The trail starts along the canyon rim before plummeting very steeply to the riverbed. Put a pin in your GPS app here — most hikers who get lost in Zion’s backcountry miss the turn up the canyon wall. It’s a left turn toward the Subway.
For the next 5 miles, you’ll hike, wade, scramble, swim, climb, slide, and crawl along the river to the mouth of the slot canyon. There is no trail — sometimes you’ll start up an informal path only to encounter an impassible boulder. Other times you’ll wade through the river or scramble up a waterfall. It’s slow-going and exhausting, but the scenery is worth the effort.
Finally, you’ll get to a point where the canyon walls narrow to the width of the river. It’s just a short walk into the slot canyon. Go as far as you like, but after the first quarter-mile you’ll encounter deep pools with frigid water. You’ll need a dry bag to proceed further.
When you’re finished, return the way you came. Sounds simple enough, but you’ll probably end up taking a slightly different route back.
Subway permits and practicalities
The Subway is an extremely fragile ecosystem. So Zion National Park limits the number of visitors to just 80 a day. You must have a permit for this trail.
Permits are available online via a lottery system that opens two months in advance. If you miss the window and they don’t sell out, you can shoot for a calendar reservation the 5th of the month of the month prior to your trip at 10 am Mountain Time. (So April 5th at 10 MT for a hike on any day in May — be ready to book at 10 am on the dot.) Your final option is a walk-up permit, but you have a very slim chance at that point.
Permit reservations cost $5. The day before you hike, you’ll have to stop by the Backcountry Permit Office at the Springdale Visitor Center to pick up the permit itself. You’ll pay $15 — and you’ll need your rental car’s make, model and license plate.
You will get wet on the Subway hike. In anything except the peak of summer, it’s worth renting neoprene socks. I also rented water shoes and was glad I had them — no blisters even though my shoes were wet all day! You can book gear online at Zion Outfitter and pick it up the evening before your hike.
Alternatives to the Subway hike
If you aren’t able to get a permit for the Subway, or if you aren’t comfortable navigating without a trail or rock scrambling, there are a few other ways to get away from the crowds today.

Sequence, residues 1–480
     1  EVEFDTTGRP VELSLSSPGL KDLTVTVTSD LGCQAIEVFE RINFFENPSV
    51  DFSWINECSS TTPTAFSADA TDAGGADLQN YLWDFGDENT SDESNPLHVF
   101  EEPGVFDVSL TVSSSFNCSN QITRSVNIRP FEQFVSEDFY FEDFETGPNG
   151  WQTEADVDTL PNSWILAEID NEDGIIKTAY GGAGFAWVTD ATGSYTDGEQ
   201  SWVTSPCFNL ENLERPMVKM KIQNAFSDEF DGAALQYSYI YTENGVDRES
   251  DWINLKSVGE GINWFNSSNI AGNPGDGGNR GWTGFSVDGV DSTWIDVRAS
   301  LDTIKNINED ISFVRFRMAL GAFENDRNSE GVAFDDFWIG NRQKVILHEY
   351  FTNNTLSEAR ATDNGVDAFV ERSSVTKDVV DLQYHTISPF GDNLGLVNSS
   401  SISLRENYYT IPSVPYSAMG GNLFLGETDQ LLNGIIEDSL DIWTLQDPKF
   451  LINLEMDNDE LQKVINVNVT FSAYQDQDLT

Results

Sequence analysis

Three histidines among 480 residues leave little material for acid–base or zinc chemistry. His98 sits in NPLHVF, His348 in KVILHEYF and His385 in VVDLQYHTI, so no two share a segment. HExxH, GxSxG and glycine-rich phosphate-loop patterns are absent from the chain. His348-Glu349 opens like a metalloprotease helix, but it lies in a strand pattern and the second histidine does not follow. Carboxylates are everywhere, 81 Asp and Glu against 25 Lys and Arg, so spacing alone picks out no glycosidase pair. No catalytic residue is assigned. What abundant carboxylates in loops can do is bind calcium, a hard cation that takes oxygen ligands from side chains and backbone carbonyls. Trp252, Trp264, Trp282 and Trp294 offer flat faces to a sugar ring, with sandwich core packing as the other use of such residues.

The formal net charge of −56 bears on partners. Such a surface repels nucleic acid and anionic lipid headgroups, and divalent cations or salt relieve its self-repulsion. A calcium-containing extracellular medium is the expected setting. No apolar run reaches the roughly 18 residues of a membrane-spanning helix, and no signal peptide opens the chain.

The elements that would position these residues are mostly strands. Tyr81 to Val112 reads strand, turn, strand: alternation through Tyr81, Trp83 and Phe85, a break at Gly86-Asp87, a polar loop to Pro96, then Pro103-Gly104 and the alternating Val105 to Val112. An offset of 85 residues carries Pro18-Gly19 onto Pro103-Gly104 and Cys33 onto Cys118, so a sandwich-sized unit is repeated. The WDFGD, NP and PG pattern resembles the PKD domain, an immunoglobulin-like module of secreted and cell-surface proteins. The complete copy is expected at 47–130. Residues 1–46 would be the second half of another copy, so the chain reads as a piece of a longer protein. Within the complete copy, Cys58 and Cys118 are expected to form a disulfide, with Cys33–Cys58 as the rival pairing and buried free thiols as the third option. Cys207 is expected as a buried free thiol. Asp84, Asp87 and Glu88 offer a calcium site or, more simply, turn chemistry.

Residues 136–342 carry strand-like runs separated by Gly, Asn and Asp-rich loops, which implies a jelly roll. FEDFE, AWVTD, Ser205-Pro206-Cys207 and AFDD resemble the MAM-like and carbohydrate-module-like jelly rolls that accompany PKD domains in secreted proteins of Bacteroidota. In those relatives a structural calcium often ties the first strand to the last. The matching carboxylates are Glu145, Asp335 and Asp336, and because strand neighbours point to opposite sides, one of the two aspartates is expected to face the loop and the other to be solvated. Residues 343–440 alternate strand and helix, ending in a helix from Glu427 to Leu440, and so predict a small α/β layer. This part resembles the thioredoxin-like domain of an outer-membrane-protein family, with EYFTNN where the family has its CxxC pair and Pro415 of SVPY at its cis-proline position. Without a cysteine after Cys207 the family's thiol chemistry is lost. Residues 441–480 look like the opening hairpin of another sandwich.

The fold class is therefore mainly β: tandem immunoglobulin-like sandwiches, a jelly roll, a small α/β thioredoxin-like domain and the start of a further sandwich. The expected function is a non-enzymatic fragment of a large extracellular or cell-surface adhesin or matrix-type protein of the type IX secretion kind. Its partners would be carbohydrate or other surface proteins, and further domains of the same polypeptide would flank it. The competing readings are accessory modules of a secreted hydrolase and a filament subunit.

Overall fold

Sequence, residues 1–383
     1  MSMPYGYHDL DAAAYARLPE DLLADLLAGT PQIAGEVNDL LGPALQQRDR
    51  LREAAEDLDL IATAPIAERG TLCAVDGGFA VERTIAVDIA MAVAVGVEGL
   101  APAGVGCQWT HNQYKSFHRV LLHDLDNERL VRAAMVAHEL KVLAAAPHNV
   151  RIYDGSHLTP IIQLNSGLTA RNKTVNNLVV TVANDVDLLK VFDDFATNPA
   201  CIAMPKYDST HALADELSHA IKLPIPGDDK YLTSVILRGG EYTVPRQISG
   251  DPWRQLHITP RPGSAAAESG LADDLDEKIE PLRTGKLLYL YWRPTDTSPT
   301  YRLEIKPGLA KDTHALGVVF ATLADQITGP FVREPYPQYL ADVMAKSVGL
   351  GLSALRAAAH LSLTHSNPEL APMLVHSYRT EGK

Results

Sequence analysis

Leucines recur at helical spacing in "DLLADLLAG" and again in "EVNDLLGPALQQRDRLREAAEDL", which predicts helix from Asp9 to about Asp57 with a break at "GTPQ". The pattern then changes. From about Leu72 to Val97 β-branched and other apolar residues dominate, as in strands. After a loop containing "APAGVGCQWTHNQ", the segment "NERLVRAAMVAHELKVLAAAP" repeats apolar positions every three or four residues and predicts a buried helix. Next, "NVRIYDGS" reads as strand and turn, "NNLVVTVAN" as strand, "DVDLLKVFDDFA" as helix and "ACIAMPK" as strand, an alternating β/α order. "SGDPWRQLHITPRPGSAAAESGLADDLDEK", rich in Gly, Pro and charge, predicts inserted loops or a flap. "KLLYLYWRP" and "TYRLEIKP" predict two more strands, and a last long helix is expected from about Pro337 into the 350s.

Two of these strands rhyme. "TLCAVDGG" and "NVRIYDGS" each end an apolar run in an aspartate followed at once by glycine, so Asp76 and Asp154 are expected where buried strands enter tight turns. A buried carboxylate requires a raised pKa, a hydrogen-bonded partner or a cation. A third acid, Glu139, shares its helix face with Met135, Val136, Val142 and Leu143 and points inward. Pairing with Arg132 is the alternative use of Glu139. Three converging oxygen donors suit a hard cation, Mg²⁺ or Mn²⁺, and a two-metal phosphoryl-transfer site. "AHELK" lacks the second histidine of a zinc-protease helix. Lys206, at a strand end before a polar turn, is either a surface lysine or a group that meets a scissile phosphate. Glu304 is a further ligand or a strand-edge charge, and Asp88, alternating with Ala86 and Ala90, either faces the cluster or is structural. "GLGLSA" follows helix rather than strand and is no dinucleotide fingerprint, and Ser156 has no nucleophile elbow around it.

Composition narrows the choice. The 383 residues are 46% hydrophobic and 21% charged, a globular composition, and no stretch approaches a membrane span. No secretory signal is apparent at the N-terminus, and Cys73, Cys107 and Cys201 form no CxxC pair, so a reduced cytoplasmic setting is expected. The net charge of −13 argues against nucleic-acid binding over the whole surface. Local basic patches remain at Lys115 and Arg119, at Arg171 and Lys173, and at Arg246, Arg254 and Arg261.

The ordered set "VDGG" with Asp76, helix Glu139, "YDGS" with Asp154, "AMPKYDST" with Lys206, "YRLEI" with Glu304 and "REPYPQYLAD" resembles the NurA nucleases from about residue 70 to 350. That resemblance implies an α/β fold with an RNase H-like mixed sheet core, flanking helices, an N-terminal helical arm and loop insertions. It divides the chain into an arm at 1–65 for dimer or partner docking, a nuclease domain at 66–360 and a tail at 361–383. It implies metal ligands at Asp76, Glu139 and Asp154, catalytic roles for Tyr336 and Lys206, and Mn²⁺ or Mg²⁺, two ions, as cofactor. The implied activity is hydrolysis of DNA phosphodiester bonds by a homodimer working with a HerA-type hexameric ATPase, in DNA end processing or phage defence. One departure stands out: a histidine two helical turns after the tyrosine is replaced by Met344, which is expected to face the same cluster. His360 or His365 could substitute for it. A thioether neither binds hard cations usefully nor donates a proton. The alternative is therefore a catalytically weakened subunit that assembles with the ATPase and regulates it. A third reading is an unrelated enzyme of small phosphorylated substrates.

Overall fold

For visitors with rock climbing or canyoneering skills, you could try for a permit to do Orderville Canyon top-down. It’s known for being a very difficult hike or an easy canyoneering route. You’ll encounter two rappels and swim through deep water in several sections — you can’t do this hike without a rope. Permits for Orderville are fairly easy to get.
If you want a long day outside without anything technical, consider the Kolob Canyon section of Zion. Kolob Arch makes for a great all-day hike, clocking in at 14 miles. It’s not deserted — you’ll pass about one group every 30 minutes in shoulder season — but it’s far quieter than Zion Canyon.
Alternatively, check out the Timber Creek Trail in the Kolob Canyon area. This is an easy 1.2-mile trail that brings you to a panoramic overlook well away from the crowds of Angels Landing.
Dinner: Whiptail Grill or Spotted Dog Cafe
If you do the Subway hike, you’ll be lucky to reach your car before 5 pm — even with an early start. And by the time you get there, you’ll be wiped. So head back to Springdale and get yourself some food.
Whiptail Grill and Spotted Dog Cafe are right across the street from each other. Whiptail is Mexican-focused, while Spotted Dog is more casual American. The menus are similar in price and the food is good at both places, so pick whatever you’re craving or whichever has the shorter line.
Both restaurants have some outdoor seating and will do takeout if you arrive before the dinner rush.
Day Three: The Narrows and horseback riding
This is it: your last day in Zion National Park. So finish up with a couple of the highlights — the iconic Narrows hike and a classic Western horseback ride.
Today could be a lighter/later day if you want to sleep in. The only downside is The Narrows gets super-crowded by mid-morning. It’s a large, wide space, so crowds aren’t as frustrating as they are on Angels Landing. But if you plan to do the whole 12-mile hike you’ll want to be on the trail no later than 10 am, which means being on a shuttle by 9 am.
Breakfast: Cafe Soleil
Don’t leave Springdale without eating at Cafe Soleil.
This artsy little café near the Springdale Visitor Center has espresso beverages and breakfast entrees to die for. The breakfast burrito will power you through a long day of hiking. The cappuccinos have perfect latte art. And it’s all served in a cozy dining area or on a patio with views of red-rock cliffs.
Luckily, this little spot opens at 7 am — so you can still get a reasonably early shuttle.